Reflections from a Service Camp

Reflections from a service camp

(Service camps are a greater portion of our ministry than most OFers realize. We greet –or more likely “pass” — them in worships some Sundays. {Perhaps when they are with us, we need to make ways to include their experiences and reflection in our worship?} Even staff, the few lay leaders and the Outreach SLG that have much more interaction with service camp participants are often left wondering about the longer term effects of their experiences on their faith and life. Hingham Congregational Church (UCC) was with us in early August. The day after they got back to Massachusetts, they shared reflections with their home church. They are sharing them with us too.)

Last night our “small but mighty” (Rev. Pete’s words) adult mission team returned from Philly. We were tired but elated after a week of truly amazing experiences. This was my third adult mission trip and each has been very different.

Our work sites were spread out over the city. We served meals to the homeless and hungry; we moved furniture, cleaned, hung clothes and helped organize a Veterans thrift shop so that it could re-open; we assisted with a food drive; we cooked and served lunch to veterans at their multi-service center, followed by a spirited game of bingo; we gardened alongside those recovering from addictions; and we sorted through bags of clothing donations and ate lunch with residents of the Whosoever Gospel Mission, a non-profit organization devoted to providing shelter, food, clothing, education, counseling, rehabilitation and other assistance to homeless and needy men.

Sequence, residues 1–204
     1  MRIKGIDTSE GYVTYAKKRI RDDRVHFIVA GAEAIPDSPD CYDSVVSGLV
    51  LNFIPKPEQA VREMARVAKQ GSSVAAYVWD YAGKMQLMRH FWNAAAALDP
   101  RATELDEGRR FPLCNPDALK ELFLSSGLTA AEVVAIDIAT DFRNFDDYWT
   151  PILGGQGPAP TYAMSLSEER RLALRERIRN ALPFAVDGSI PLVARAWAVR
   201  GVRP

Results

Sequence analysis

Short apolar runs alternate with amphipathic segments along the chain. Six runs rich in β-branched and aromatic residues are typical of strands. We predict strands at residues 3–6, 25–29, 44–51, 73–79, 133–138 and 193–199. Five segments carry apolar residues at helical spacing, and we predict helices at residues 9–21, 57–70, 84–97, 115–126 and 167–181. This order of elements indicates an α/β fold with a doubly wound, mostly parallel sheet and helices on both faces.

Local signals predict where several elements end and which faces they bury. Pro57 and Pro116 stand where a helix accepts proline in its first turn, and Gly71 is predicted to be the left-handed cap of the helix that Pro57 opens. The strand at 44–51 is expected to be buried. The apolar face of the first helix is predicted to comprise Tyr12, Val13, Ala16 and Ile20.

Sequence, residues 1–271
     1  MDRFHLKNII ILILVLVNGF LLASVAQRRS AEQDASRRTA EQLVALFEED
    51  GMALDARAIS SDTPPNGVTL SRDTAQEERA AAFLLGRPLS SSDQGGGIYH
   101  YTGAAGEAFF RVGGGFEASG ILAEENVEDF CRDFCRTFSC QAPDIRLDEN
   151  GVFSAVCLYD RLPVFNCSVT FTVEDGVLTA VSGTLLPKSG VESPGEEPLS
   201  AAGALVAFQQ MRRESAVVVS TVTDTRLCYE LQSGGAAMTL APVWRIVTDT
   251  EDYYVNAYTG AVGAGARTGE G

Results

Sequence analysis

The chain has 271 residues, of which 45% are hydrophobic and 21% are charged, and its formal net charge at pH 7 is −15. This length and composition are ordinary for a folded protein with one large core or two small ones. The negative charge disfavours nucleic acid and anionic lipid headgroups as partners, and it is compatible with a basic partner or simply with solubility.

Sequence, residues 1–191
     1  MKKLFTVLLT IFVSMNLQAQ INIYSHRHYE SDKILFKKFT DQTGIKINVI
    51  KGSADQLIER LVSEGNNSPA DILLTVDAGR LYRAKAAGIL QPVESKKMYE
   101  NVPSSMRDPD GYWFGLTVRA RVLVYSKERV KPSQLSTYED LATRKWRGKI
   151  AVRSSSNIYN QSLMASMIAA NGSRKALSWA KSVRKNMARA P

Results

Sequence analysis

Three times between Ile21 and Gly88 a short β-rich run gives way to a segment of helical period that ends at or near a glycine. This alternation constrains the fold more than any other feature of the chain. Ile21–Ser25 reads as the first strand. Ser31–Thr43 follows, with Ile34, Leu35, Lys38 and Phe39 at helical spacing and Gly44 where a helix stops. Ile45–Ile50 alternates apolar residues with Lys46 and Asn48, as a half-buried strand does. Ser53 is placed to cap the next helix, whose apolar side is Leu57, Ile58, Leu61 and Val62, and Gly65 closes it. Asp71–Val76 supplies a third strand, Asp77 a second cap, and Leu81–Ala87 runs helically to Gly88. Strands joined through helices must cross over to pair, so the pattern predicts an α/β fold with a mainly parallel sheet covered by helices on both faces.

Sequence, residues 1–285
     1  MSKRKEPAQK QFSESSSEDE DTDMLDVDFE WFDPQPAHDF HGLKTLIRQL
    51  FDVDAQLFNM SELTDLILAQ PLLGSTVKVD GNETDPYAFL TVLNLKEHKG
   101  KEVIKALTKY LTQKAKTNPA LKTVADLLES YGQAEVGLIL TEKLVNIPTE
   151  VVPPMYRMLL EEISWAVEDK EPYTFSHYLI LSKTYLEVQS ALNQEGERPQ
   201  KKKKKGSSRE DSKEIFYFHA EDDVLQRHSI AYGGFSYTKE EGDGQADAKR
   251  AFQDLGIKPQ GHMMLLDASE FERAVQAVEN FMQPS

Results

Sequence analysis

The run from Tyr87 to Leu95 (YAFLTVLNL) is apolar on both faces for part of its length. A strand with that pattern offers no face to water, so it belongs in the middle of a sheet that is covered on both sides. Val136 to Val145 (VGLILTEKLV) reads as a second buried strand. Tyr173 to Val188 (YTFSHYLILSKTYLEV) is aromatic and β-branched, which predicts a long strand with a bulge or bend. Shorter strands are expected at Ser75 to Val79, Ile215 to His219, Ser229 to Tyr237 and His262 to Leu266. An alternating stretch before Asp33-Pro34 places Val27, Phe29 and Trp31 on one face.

Our hearts were touched throughout the week as we felt the pain, marveled at the strength, listened to the stories, admired the courage, and shared a rich tapestry of scenarios with those who so graciously invited us into their lives. There were moments of humor, moments of sadness and many touching times, and each of us had different experiences that we reflected upon and shared at our nightly devotions.

I would like to share one of my favorite experiences with you. On our second day we went to New Jerusalem Now, a residential addiction treatment center in north Philly. At each site we were given an orientation, usually by the director of the program, but at New Jerusalem it was different. As we entered the house which served as their modest central office, we were greeted by Sister Margaret and Sister Sylvia.

I was struck by the beautiful, serene face of Sister Margaret who had helped to found the program; Sister Sylvia had returned to Philadelphia after a life devoted to working in the health care field in Pakistan.

We settled into a circle around the edge of the room, so our numbers increased as residents began to join us. And so began an amazing experience.

Sister Margaret started by outlining the history and mission of the program. Then we introduced ourselves, as did each resident in the room.